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Monday, November 05, 2012

Online learning pioneer offers new student model

Photo: Mark Williamson
"IN this week's SME Focus, an entrepreneur specialising in online learning highlights the kind of challenges companies can face when dealing with some potential customers overseas and banks in the UK." summarizes Mark Williamson.

Photo: Herald Scotland

Name: Michael Stewart.
Age: 56.

What is your business called?
The Interactive Design Institute (IDI).
Where is it based? Eskmills, Musselburgh.

What does it produce, what services does it offer?
As a collaborative partner of the University of Hertfordshire, The Interactive Design Institute provides degree level, design-based courses entirely online. We also offer a range of City & Guilds courses and a Foundation course for those who are aiming to undertake a university degree in the future.

To whom does it sell?
We currently have students from 44 countries, with people of all ages and at all stages of their careers, from recent school leavers to graduates. Our students tend to be highly motivated individuals who want to take control of their education by deciding how, when and where they study. This year 95% have graduated with honours. A UK degree is recognised across the world, and attracts huge diversity of students to our website.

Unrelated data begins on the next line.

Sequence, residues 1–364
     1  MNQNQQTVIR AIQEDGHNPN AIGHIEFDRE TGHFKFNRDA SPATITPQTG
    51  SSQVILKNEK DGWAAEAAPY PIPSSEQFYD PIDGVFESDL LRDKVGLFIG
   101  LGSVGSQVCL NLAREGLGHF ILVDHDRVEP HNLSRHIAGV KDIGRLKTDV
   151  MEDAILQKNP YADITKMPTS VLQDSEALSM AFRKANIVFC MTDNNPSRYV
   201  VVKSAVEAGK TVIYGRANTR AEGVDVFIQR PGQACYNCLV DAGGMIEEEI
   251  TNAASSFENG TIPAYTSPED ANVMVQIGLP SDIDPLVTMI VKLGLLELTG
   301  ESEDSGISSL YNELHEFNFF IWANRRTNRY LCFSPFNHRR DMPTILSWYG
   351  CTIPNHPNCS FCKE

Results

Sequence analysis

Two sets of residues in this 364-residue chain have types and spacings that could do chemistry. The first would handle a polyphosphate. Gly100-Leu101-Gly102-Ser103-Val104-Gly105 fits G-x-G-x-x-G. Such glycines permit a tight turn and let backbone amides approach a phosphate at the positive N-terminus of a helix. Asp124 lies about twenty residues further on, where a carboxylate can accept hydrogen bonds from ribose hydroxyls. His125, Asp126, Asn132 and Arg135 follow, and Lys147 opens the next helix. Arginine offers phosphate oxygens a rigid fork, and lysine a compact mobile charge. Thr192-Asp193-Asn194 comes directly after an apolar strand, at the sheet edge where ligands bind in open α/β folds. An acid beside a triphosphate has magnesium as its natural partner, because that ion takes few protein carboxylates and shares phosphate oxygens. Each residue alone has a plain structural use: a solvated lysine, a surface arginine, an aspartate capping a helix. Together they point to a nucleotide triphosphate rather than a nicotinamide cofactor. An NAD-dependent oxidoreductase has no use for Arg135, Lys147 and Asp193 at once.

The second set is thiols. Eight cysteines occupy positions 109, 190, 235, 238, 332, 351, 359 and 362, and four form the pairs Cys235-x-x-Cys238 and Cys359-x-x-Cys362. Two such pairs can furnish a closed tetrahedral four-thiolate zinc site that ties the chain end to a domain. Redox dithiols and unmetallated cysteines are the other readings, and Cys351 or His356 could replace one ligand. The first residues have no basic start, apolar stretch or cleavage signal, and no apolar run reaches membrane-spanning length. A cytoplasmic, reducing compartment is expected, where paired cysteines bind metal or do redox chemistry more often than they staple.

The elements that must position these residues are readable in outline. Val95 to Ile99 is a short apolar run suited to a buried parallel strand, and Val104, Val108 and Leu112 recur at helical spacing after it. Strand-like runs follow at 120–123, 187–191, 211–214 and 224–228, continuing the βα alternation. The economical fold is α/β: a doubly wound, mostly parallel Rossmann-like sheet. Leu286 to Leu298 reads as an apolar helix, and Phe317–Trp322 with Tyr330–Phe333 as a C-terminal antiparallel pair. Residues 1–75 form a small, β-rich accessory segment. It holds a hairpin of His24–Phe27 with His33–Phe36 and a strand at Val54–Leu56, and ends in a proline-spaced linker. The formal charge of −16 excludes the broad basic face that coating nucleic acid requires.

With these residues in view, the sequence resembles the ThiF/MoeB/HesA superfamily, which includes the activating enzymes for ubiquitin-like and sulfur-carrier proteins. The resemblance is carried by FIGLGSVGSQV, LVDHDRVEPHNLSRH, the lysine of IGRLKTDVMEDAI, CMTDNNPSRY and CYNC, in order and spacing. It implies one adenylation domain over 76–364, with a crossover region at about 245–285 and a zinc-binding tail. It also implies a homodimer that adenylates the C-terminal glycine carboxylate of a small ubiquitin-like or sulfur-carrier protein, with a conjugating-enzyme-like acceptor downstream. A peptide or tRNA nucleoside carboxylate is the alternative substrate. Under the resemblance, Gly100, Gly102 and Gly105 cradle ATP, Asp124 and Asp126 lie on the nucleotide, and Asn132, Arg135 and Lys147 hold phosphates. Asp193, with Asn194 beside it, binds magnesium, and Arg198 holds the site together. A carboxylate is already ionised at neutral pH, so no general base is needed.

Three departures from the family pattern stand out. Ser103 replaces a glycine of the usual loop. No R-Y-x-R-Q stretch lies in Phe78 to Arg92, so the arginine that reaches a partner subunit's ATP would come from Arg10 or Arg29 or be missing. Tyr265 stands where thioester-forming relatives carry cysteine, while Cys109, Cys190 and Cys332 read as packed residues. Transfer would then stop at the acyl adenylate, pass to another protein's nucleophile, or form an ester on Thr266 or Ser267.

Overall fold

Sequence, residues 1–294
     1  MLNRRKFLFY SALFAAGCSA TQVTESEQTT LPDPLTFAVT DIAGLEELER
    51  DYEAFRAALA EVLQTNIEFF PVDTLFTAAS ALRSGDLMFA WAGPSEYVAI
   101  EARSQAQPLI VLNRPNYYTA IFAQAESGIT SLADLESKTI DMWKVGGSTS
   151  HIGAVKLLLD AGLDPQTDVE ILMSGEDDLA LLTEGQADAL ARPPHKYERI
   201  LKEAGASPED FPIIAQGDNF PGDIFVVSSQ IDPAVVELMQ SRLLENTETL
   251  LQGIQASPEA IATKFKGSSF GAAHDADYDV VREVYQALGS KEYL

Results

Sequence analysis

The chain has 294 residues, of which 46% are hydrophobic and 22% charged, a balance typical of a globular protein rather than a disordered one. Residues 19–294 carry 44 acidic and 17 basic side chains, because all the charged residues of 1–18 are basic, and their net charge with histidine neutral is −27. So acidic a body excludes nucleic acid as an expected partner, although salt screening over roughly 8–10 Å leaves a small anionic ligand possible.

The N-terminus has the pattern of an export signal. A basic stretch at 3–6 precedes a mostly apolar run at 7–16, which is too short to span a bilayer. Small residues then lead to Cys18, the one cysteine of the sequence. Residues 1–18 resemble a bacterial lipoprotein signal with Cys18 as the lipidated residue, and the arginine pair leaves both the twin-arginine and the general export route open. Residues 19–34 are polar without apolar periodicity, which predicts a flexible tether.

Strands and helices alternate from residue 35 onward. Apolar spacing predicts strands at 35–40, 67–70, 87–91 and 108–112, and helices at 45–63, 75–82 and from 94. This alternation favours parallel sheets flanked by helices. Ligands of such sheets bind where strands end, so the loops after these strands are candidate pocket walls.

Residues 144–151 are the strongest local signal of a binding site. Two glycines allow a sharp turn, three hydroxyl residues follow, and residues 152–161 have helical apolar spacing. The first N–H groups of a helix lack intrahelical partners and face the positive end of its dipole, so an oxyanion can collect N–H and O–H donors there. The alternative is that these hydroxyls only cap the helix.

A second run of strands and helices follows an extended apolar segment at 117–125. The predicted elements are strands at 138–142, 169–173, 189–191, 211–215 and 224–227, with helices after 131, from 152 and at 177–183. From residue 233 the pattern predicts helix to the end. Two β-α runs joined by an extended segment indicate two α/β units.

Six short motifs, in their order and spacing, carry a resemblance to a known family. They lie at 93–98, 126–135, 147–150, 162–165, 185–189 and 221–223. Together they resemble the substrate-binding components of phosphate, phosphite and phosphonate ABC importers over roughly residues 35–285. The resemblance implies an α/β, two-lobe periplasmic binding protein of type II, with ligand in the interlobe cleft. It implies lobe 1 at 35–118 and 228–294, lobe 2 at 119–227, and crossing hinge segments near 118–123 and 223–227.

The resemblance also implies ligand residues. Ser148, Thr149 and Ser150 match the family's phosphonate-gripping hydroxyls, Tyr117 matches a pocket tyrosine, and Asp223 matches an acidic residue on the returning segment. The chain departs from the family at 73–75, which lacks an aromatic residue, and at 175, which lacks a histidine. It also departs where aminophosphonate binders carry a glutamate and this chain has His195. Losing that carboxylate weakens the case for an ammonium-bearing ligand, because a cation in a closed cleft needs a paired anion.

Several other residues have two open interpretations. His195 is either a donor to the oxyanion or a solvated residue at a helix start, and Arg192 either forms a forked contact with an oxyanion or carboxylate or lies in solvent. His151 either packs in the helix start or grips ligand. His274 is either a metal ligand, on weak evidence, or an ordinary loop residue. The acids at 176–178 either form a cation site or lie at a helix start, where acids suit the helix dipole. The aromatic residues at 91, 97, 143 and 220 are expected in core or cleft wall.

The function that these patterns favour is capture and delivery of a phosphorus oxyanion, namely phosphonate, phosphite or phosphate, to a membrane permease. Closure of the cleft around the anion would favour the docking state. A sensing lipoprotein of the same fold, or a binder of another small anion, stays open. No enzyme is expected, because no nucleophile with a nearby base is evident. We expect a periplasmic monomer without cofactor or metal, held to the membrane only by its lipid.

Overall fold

What is its turnover?
This year it was £1.5 million.

How many employees?
We have 15 staff in our main office with 20 tutors and six course developers working remotely across the UK.

When was it formed?
It was formed in 2004 as the Studio Art School, and rebranded as The Interactive Design Institute in 2008.

Why did you take the plunge?
It was becoming obvious to us that the provision of tertiary education had to change to address the changing needs and demands of consumers. The traditional model involving face-to-face delivery in large buildings with an equally large number of staff that require infrastructure to support them needed radical review. I'd done some work on resourced based learning as part of my job and saw the emerging technologies as an ideal means of providing a high quality educational experience at a fraction of the cost. Fortunately, I was working with three like-minded people and together we resigned our posts and started the company. The structure and remit was planned by pinning pieces of paper to an A3 cork board.
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Source: Herald Scotland